Following the decision in Re Vanguard, more third-party funding agreements were brought before the Singapore High Court for approval.

In the unreported case of Trikomsel (HC/OS 989/2018), the liquidators applied to the Singapore High Court to be allowed to enter into a funding agreement with a third-party commercial litigation funder, IMF Bentham Limited. It was contemplated that the funding arrangement would be in two main phases, with the first phase pertaining to the liquidators' investigations as to the affairs of the company and the second pertaining to the pursuit of any substantive action(s).

The Singapore High Court granted an order declaring that the funding agreement did not offend the doctrine of maintenance and champerty.

Trikomsel represented a development in the law set out in Re Vanguard as it was the first time that the Singapore High Court sanctioned a funding agreement with a commercial third-party litigation funder, who was seeking a commercial return on the funding provided.

Solvadis Commodity Chemicals Gmbh v Affert Resources Pte Ltd

Next, in Solvadis Commodity Chemicals Gmbh v Affert Resources Pte Ltd [2018] 5 SLR 1337 ("Solvadis"), the liquidators applied to the Singapore High Court for approval of a third-party funding agreement pursuant to which the liquidators would assign various right of recovery of receivables and causes of action to the funders. In exchange, the funders would pay the company an initial sum, and in the event of recovery, a further sum representing a percentage of such recovery.

Although the funding agreement was opposed by a number of creditors, the Singapore High Court ultimately approved the agreement but added a safeguard requiring the liquidators to provide quarterly updates to the creditors on the progress of the recovery proceedings.

The significance of the Solvadis case is the Court’s consideration of the Court's control over the liquidator’s statutory power of sale in section 272(2)(c) of the Companies Act. In this regard, the Singapore High Court held that although the statutory power of sale was subject to the Courts' control pursuant to section 272(3) of the Companies Act, the Courts would not readily interfere with the liquidator’s exercise of power unless the action being taken was “so utterly unreasonable”. The High Court added that the overarching consideration was whether the liquidator, in exercising the power of sale, was "acting bona fide or in good faith”.

In its concluding remarks in Solvadis, the High Court recognised the useful role that litigation funding has in insolvency situations as long as such arrangements are executed and negotiated in good faith.

IMSPL Pte Ltd

Earlier this year, the liquidators of IMSPL Pte Ltd (“IMSPL”) applied to the High Court for an Order that IMSPL, its liquidators and LCM Singapore Pty Ltd (“LCM SG”), a third-party commercial funder, be allowed to enter into a funding agreement to fund the liquidators’ investigation into certain claims vesting in IMSPL, and the pursuit of such claims (if the investigations proved fruitful). Clasis LLC represented the liquidators of IMSPL.

The funding agreement was approved by the Singapore High Court. In addition, the Singapore High Court also granted an order allowing the liquidators to disburse funds received from LCM SG to the insolvent company's liquidators and solicitors without such payments having to be taxed by the Taxing Master. This represented a development in the law as Rule 173 of the Companies (Winding Up) Rules required that payments in respect of bills of costs or charges or expense of solicitors be taxed by the Taxing Master before such payments can be allowed out of the assets of the company.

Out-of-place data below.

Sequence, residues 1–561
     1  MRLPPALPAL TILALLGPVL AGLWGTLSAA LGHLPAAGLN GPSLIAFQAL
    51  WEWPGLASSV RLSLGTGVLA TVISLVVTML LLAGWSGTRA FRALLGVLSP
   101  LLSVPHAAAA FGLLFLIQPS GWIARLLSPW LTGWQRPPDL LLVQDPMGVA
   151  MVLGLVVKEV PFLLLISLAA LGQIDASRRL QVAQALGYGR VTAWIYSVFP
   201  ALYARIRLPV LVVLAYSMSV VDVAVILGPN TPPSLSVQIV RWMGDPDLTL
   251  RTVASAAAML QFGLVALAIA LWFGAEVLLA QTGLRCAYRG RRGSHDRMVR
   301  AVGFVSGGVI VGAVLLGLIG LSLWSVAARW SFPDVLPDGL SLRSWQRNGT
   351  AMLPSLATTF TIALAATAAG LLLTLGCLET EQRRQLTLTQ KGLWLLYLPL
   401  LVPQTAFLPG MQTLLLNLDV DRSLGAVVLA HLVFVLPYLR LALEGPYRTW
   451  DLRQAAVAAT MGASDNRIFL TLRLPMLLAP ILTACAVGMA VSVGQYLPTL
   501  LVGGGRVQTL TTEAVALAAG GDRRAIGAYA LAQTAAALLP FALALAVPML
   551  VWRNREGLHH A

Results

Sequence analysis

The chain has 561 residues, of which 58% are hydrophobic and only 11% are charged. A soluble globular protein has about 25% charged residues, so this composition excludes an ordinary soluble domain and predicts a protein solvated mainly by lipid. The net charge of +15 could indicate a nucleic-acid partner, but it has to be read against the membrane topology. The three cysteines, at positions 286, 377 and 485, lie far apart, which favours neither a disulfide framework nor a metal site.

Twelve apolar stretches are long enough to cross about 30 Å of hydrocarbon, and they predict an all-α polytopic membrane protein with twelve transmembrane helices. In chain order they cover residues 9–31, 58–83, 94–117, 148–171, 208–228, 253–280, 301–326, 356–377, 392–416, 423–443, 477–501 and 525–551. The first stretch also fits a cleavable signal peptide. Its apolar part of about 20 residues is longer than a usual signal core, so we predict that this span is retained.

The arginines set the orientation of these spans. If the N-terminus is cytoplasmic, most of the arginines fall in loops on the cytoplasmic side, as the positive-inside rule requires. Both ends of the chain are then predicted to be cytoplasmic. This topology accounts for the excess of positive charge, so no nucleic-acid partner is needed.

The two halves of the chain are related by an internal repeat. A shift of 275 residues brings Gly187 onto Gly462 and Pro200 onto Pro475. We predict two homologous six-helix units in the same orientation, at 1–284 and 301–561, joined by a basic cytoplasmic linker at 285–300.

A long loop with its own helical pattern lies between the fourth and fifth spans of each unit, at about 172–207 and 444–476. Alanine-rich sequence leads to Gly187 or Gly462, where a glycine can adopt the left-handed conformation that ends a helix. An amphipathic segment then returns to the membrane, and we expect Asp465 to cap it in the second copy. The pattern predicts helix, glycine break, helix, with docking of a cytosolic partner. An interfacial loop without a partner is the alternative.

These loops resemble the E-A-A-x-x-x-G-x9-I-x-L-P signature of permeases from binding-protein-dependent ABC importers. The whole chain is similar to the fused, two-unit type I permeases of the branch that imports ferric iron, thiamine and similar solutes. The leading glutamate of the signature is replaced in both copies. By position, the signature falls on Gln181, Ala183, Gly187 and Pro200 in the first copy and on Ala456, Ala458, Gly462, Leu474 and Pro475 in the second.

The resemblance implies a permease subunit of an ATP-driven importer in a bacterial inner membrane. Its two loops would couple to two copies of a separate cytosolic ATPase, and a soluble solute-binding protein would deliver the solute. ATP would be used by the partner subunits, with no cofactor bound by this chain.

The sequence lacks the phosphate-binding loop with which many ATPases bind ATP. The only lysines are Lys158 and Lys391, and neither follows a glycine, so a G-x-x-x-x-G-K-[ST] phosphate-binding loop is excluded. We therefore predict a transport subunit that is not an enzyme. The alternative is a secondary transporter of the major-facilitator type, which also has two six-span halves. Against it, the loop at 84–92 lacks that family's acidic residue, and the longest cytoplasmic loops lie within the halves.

In this regard, the liquidators successfully argued that Rule 173 of the Companies (Winding Up) Rules has no application to the liquidators’ disbursement of funds received by LCM SG as such funds do not constitute “assets of the company”. The company would not have had such moneys but for the funding agreement, and the funds were disbursed into the company’s accounts for the specific purpose set out in the funding agreement.  

The road ahead

Encouraging news for interested parties is that the new Insolvency, Resolution and Dissolution Act 2018 (“IRDA”) expressly establishes a liquidator’s ability to enter into third-party funding agreements (upon obtaining court approval or authorisation of the committee of inspection[1]) in respect of claims in relation to transactions at undervalue,[2] unfair preference transactions,[3] extortionate credit transactions,[4] fraudulent trading,[5] wrongful trading[6] and assessment of damages against delinquent officers of the company[7].

The requirement to seek court approval or authorisation of the committee of inspection has now been statutorily provided for in the IRDA, although as can be seen from the cases considered above, court approval was frequently sought under the current regime by prudent liquidators seeking to ensure that they have exercised their statutory powers of sale in a proper manner.

In addition, the IRDA makes it clear that the position previously expounded in Re Fan Kow Hin (that the assignment of a portion of moneys clawed back in bankruptcy was not champertous) similarly applied to undervalue transactions and unfair preference transactions in the context of corporate insolvency.

The IRDA has been passed in parliament but has not yet come into effect, and it remains to be seen if the IRDA will have a significant impact on third-party funding in the context of insolvency. However, it is worth noting that the abovementioned sections of the IRDA do not cover the funding of an insolvent company’s claims against a counterparty for unpaid receivables, or breach of contract. In other words, despite the new provisions in the IRDA, the common law principles established the line of cases discussed above would still remain applicable for cases involving such claims, for instance, in cases like IMSPL.  

 

 

 

[1] Section 144(1)(g) of the Insolvency, Restructuring and Dissolution Act 2018.

[2] Section 224 of the Insolvency, Restructuring and Dissolution Act 2018.

[3] Section 225 of the Insolvency, Restructuring and Dissolution Act 2018.

[4] Section 228 of the Insolvency, Restructuring and Dissolution Act 2018.

[5] Section 238 of the Insolvency, Restructuring and Dissolution Act 2018.

[6] Section 239 of the Insolvency, Restructuring and Dissolution Act 2018.

[7] Section 240 of the Insolvency, Restructuring and Dissolution Act 2018.

End